Bicycle pioneer Henri Desgrange died in the commune of Beauvallon in southeastern France at the age of 75. Desgrange had been born into a middle-class family in Paris in 1865. Early on in his working life, he served as a clerk in one of the city’s law firms. Desgrange also developed a strong enthusiasm for bicycling for this time and – according to stories that might or might not be apocryphal – he lost his job at the law firm either for riding a bicycle to the office or exposing the outline of his calves in tight socks while pedaling through the streets of Paris.
In any case, Desgrange’s departure from the law firm proved to be both a personal and professional milestone for him as he set aside a potential career in law to pursue bicycling activities on a full-time basis. In 1891, Desgrange attended his first professional bicycle competition in 1891 as part of the crowd watching the inaugural Bordeaux-Paris cycling race. He soon began participating in various bicycle competitions, finding his niche in races that involved endurance riding.
In 1893, Desgrange established one of the earliest official hour-long records in bicycling when he rode 22 miles at the Vélodrome Paris. He went on to also set new records for 31-, 62-, and 100-mile bicycle races. By 1894, Desgrange had gained enough expertise and confidence in bicycling that he wrote a training manual for the sport entitled “La tête et les jambs.”
Desgrange’s involvement in bicycling ultimately extended well beyond just participating in races. He assumed managerial roles for venues where those races took place, becoming director of the newly built Parc des Princes velodrome in 1897 and director of the Vélodrome d’Hiver (the first permanent indoor track in France) near the Eiffel Tower in 1903.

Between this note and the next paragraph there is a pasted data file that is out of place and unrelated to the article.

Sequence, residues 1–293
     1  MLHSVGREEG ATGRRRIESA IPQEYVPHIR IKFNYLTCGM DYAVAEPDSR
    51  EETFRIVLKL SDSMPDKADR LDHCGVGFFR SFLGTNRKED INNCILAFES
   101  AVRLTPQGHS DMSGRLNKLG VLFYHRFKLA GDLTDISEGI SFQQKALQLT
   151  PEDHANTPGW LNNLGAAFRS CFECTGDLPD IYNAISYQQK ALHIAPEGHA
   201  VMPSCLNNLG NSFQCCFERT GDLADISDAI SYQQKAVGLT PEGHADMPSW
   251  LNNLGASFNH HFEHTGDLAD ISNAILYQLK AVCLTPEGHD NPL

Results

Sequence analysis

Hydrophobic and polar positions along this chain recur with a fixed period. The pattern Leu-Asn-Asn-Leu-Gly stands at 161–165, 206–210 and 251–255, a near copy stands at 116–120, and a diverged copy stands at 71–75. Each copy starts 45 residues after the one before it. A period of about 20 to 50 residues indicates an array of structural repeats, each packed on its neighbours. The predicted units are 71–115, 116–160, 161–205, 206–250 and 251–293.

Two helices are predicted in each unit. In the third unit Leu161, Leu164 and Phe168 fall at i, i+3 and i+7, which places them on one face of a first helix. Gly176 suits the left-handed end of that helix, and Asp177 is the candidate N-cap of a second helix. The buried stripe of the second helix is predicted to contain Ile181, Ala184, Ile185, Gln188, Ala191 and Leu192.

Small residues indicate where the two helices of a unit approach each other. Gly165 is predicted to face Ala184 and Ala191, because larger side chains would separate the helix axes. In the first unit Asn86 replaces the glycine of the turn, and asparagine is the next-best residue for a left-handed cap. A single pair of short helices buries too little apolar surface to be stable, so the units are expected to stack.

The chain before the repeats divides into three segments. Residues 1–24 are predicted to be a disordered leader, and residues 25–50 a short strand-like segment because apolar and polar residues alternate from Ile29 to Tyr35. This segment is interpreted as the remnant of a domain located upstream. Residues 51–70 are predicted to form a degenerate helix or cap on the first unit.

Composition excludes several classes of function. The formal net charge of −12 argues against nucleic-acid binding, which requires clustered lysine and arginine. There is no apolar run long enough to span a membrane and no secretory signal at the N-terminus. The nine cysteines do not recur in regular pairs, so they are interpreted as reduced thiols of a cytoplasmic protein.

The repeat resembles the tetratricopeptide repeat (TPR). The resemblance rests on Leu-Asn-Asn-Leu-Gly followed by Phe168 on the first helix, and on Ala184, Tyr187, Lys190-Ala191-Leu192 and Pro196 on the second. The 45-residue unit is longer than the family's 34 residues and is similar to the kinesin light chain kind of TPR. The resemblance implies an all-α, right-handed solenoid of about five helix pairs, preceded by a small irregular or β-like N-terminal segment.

It was also in 1903 that Desgrange, as editor of the French sports newspaper L’Auto (forerunner of today’s L’Équipe), established one of his most lasting legacies as the organizer of the Tour de France multi-stage bicycle race. Despite Desgrange’s own apprehensions, the inaugural Tour de France proved to be a huge success and the race has since become one of the most popular and prestigious sports events in the world.
A monument to Desgrange was built at Col du Galibier, a mountain pass that is part of the Tour de France in southeastern France, and a prize is awarded each year to the first rider to travel through the area during the race.
For more information on Henri Desgrange, check out https://en.wikipedia.org/wiki/Henri_Desgrange